Commission Approves French State Aid to Battery Producer as Energy Groups call for Low Carbon Fuel Tax Incentives: GMPB

Covered in this week’s Green Mobility Policy Brief: EC approves French State Aid for EV battery manufacturing; Energy groups call for tax incentives for renewable and low-carbon fuel production; T&E President calls for a rethink of mobility policy to focus on accessibility; Transport stakeholders call for EU action on cleaner air.

EU Launches Anti-Subsidy Investigation into Chinese Electric Vehicles

EC approves French State Aid for EV battery manufacturing.

The European Commission has given the green light to a €659 million French State aid initiative designed to boost the development of cutting-edge batteries for electric vehicles. The French support plan for Verkor, the recipient company, involves providing a direct grant of up to €659 million, which will be allocated to the research and development (R&D) project until the conclusion of 2026. Key components of the R&D project include automating electrode production and battery formation through the digitization of processes, enhancing recycling techniques, recovering materials, and designing an innovative pilot production line that can serve as a blueprint for large-scale battery production. Furthermore, Verkor has committed to sharing the technical knowledge and expertise gained through the project with industry and academia, fostering collaboration and innovation in the field of electric vehicle batteries. The European Commission’s assessment of the measure involved a rigorous evaluation of its compliance with EU State aid rules. It was determined that the measure fulfils the criteria established in Article 107(3)(c) of the Treaty on the Functioning of the European Union, which allows Member States to support the development of certain economic activities, provided they meet specific conditions. Speaking about the approval, Commissioner Didier Reynders, in charge of competition policy said “This €659 million measure enables France to support Verkor’s research and development project on innovative production processes of lithium-ion batteries, while keeping distortions of competition limited. This is yet another project that will contribute to fostering an innovative battery value chain for electric vehicles in Europe.”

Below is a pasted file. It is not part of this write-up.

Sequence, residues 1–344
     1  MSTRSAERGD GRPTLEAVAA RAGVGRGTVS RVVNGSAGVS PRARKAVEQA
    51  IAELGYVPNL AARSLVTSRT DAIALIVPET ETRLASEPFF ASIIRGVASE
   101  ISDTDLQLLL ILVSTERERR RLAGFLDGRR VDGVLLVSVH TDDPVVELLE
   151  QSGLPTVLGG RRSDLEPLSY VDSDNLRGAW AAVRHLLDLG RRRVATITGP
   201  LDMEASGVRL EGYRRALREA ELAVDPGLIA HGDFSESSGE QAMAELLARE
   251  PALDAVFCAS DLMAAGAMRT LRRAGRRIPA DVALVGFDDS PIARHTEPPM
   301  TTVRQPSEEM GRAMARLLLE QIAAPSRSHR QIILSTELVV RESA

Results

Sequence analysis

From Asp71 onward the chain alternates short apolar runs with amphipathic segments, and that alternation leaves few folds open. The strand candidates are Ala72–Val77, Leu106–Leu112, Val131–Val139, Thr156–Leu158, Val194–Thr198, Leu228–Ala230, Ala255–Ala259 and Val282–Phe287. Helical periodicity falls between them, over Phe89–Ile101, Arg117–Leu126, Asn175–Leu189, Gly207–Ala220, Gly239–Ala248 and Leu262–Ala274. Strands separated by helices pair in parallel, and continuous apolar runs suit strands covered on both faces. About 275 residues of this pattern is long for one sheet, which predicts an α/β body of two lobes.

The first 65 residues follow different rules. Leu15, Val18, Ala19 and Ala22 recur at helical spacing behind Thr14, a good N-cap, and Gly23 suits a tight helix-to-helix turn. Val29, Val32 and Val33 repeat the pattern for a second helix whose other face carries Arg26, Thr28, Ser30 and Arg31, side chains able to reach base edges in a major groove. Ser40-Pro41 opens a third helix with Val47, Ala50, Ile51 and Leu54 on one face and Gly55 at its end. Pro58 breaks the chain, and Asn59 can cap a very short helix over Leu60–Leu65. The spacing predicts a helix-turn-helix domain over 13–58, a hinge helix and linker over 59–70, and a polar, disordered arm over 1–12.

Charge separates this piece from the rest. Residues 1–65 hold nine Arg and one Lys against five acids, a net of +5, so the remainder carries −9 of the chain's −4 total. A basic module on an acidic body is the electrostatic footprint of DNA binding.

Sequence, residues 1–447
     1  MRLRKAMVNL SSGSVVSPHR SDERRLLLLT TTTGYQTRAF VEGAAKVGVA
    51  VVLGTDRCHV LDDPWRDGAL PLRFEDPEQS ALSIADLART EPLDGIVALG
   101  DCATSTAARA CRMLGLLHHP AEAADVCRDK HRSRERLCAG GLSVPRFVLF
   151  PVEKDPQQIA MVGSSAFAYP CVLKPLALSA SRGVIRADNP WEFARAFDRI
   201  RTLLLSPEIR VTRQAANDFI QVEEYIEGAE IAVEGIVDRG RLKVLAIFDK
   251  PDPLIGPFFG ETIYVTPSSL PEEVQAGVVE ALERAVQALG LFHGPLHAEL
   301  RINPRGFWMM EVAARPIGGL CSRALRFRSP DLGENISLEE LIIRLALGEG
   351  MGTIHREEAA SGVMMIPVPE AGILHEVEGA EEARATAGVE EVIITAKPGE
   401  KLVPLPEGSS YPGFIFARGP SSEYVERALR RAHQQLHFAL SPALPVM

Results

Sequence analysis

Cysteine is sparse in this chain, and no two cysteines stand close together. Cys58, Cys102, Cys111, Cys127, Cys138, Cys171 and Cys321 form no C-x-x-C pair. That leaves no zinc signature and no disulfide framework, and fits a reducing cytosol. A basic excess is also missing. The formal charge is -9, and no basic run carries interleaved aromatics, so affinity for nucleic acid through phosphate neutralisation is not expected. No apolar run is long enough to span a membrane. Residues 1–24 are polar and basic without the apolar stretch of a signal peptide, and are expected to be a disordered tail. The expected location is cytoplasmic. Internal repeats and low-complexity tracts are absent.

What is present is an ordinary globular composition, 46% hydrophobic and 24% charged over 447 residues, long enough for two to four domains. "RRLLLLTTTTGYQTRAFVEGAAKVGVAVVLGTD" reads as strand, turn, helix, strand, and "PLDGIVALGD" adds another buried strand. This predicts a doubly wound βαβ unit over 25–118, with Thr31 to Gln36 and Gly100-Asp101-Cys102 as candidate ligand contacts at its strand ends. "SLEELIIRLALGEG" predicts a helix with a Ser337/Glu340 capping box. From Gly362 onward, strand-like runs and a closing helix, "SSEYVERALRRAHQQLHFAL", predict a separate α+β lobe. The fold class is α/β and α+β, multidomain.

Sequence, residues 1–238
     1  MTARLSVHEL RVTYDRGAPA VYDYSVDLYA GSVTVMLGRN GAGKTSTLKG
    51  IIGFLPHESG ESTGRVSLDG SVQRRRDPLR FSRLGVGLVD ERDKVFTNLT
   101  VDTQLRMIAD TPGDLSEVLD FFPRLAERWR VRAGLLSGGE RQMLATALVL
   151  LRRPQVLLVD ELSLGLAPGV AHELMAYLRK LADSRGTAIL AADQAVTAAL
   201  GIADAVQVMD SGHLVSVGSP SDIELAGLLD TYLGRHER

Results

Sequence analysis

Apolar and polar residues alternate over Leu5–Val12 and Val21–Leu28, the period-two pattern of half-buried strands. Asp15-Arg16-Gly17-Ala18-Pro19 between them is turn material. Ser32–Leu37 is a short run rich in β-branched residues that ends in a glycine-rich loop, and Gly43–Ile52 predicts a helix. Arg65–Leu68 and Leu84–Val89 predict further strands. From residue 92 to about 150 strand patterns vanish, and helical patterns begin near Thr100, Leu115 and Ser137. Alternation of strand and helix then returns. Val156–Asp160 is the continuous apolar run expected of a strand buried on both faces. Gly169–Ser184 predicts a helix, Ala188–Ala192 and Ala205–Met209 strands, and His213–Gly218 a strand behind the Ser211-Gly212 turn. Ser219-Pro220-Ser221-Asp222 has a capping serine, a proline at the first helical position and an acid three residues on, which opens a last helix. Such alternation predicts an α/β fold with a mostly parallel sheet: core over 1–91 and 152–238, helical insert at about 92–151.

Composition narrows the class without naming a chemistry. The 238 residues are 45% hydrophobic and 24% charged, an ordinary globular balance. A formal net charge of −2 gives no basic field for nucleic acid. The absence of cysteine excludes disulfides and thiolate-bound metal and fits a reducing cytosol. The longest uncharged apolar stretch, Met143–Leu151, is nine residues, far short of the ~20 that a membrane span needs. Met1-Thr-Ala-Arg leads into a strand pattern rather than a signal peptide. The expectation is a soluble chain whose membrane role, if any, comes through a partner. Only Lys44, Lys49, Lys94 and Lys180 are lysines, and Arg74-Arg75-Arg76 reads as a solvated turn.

Trickle-down Climate Action? Using Consumer Policy to Clean Up the Automotive Sector